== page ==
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Self-differentiation is a word you probably don’t hear in everyday usage. But it’s a crucial process to living (and eating) well. It’s happening when you hear people speaking their minds with thoughtful conviction even though others might disapprove. It’s lacking when someone spends her life rebelling against the views and values of her parents and clinging to their opposite. It’s missing when someone stifles his feelings and thoughts in fear of hurting others or being rejected or shamed by them. Get the picture?
Murray Bowen, MD developed the self-differentiation theory which applies to human development and family dynamics. His theory has two major parts. 1) “Differentiation of self is the ability to separate feelings and thoughts. Undifferentiated people cannot separate feelings and thoughts; when asked to think, they are flooded with feelings, and have difficulty thinking logically and basing their responses on that. 2) Further, they have difficulty separating their own from others’ feelings; they look to family to define how they think about issues, feel about people, and interpret their experiences.”
“Differentiation is the process of freeing yourself from your family's processes to define yourself. This means being able to have different opinions and values than your family members but being able to stay emotionally connected to them. It means being able to calmly reflect on a conflicted interaction afterward, realizing your own role in it, and then choosing a different response for the future.” (Bowen Family Therapy, http://www.psychpage.com/learning/library/counseling/bowen.html, accessed 3/14/19)
Self-differentiation involves being able to possess and identify your own thoughts and feelings and distinguish them from others. It’s a process of not losing connection to self while holding a deep connection to others, including those you love whose views may differ from yours. If you grow up in a family in which everyone maintains attachment (or has only brief disconnects) in spite of having different thoughts and feelings, you can begin to self-differentiate. Alternately, if the parental dictum was my-way-or-the-highway or let’s all think the same to show we love each other, self-differentiation is very difficult.
The importance of differentiation is articulated by Lisa Firestone, Ph.D. in “Differentiation: Living Life on Your Own Terms”: “Although we are born genetically unique individuals, we internalize our early environment, so that when we grow up, we are not really fully differentiated selves. In many ways we are reliving rather than living.” (Psychology Today, 11/19/09, https://www.psychologytoday.com/us/blog/compassion-matters/200911/differentiation-living-life-your-own-terms, accessed 3/14/19)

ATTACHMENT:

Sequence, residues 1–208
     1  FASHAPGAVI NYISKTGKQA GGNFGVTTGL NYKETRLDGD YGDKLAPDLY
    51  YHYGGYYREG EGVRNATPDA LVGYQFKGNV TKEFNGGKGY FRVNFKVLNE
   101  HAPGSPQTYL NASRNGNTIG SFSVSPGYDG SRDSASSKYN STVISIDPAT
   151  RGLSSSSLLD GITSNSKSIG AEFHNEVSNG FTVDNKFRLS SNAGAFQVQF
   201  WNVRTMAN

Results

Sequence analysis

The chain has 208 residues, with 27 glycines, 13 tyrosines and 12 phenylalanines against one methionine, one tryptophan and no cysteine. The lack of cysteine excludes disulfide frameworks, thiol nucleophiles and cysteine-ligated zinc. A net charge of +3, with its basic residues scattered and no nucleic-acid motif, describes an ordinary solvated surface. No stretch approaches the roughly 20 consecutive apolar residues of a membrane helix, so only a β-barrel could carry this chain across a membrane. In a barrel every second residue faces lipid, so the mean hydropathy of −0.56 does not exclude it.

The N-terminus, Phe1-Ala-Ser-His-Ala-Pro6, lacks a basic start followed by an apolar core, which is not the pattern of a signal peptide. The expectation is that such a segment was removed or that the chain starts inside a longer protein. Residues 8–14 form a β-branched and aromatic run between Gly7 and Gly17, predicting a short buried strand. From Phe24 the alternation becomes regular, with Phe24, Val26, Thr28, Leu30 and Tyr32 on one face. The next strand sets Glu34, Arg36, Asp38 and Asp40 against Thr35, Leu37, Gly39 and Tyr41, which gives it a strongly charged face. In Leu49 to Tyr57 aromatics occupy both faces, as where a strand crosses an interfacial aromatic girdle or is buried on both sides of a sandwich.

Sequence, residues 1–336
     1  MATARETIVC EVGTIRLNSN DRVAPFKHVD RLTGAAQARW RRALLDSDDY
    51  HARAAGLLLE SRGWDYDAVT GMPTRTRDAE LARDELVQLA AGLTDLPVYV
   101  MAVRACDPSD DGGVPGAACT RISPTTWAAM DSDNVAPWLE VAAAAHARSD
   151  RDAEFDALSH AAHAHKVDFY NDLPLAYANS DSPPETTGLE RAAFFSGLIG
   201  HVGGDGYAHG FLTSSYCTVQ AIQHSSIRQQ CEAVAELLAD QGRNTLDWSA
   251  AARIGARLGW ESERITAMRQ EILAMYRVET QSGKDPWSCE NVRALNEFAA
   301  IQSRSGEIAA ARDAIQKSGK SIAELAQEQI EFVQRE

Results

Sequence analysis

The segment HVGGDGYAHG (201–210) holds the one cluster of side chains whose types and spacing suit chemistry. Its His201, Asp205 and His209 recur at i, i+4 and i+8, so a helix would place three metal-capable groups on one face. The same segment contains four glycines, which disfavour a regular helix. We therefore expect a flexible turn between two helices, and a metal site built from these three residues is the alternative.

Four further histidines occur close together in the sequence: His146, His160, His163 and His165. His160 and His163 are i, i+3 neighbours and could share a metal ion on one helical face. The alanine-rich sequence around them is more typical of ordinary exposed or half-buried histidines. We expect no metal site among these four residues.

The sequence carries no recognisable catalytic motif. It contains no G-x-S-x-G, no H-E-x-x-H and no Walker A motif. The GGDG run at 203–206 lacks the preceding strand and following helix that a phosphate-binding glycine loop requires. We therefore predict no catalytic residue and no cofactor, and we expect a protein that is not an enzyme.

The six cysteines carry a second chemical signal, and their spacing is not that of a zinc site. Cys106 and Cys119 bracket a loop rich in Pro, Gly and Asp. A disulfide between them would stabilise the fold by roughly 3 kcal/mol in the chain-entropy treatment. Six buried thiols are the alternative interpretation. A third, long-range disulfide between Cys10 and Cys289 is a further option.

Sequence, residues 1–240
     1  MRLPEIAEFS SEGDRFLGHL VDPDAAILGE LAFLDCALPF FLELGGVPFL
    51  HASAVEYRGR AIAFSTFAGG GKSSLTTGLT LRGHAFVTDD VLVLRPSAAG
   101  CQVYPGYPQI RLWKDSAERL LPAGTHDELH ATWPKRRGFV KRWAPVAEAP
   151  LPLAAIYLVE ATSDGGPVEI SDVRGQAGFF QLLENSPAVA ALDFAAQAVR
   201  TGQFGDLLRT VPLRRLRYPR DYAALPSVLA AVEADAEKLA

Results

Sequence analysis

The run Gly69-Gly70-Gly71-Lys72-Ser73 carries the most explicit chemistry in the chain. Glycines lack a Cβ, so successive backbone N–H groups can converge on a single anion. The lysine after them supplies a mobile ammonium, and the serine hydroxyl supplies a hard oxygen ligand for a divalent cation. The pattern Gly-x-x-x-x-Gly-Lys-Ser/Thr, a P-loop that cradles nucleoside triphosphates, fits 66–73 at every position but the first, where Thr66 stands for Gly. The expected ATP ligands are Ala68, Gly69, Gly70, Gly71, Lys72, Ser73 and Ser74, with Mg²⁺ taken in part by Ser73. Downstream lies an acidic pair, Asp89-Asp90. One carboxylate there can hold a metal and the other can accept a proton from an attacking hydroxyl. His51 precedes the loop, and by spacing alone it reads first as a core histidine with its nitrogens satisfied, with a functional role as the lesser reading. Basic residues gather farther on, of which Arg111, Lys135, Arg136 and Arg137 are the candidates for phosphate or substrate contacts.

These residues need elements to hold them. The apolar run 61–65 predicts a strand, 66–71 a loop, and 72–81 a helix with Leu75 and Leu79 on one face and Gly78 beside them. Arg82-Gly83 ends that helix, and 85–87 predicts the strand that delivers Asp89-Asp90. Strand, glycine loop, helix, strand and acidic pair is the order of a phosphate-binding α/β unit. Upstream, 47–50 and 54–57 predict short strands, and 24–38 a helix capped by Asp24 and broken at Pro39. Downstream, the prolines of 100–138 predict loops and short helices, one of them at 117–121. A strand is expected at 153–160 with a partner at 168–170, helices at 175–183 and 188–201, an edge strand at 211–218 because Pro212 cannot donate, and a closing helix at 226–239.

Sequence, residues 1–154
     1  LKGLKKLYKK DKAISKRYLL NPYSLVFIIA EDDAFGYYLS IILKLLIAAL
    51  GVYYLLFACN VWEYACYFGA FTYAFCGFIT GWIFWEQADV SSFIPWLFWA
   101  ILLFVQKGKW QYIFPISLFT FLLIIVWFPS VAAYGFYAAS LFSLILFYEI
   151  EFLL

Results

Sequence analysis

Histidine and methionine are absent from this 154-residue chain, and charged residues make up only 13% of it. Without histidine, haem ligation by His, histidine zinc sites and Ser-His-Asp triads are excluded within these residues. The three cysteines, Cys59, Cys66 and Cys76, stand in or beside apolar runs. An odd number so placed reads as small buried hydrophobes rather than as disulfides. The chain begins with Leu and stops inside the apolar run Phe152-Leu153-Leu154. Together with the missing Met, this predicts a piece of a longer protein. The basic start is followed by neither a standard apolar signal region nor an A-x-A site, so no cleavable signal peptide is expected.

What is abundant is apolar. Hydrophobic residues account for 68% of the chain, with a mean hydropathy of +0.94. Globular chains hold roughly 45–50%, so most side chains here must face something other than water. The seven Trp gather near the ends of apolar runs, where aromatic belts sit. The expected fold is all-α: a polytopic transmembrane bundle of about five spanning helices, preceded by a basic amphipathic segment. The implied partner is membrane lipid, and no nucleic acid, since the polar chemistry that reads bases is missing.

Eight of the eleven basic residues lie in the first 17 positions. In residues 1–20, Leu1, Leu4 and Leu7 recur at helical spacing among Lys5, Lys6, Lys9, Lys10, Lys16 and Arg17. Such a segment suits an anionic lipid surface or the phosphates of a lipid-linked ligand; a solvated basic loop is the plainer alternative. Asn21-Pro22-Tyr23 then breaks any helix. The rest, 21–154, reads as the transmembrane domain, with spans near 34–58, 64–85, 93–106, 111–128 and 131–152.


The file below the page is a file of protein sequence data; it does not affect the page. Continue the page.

Dysregulated eaters often lack self-differentiation. Sometimes they’re too nice, go with the flow, fear disapproval, or aim solely to please, which leaves them disconnected from self. Other times, they develop an identity by choosing (consciously or unconsciously) their feelings and thoughts precisely because they are different from families.
Moreover, dysregulated eaters often go along to get along in some instances, then disagree and take arbitrary oppositional stances in others, especially with authority figures. Neither reaction is rooted in deliberate exploration and critical thinking skills about what they think of feel. Reactions are based on fear of becoming totally detached from someone, leading to doing what others want, or of becoming totally enmeshed with someone, leading to fighting to be viewed (and view oneself) as a separate individual.
Not only do problems with lack of self-differentiation make healthy adult relationships impossible, but they cause tremendous inner turmoil which can often lead to comfort eating. You may get furious because you feel controlled by someone who wants you to do something you don’t wish to do but believe you’re unsafe expressing your feelings openly and use food to emotionally re-regulate. Or you may silence yourself around others and feel inauthentic, unheard, or invisible, and with needs unmet, seek food for solace.
Reread the definitions and descriptions above of a differentiated self and see if that is what you have. If you want to move toward differentiation, focus on being more authentic at the expense of approval and staying connected to others while still disagreeing with them. This is another area where therapy can be tremendously helpful, because it’s a unique relationship, one of whose underlying clinical goals is supporting you in developing a differentiated self.
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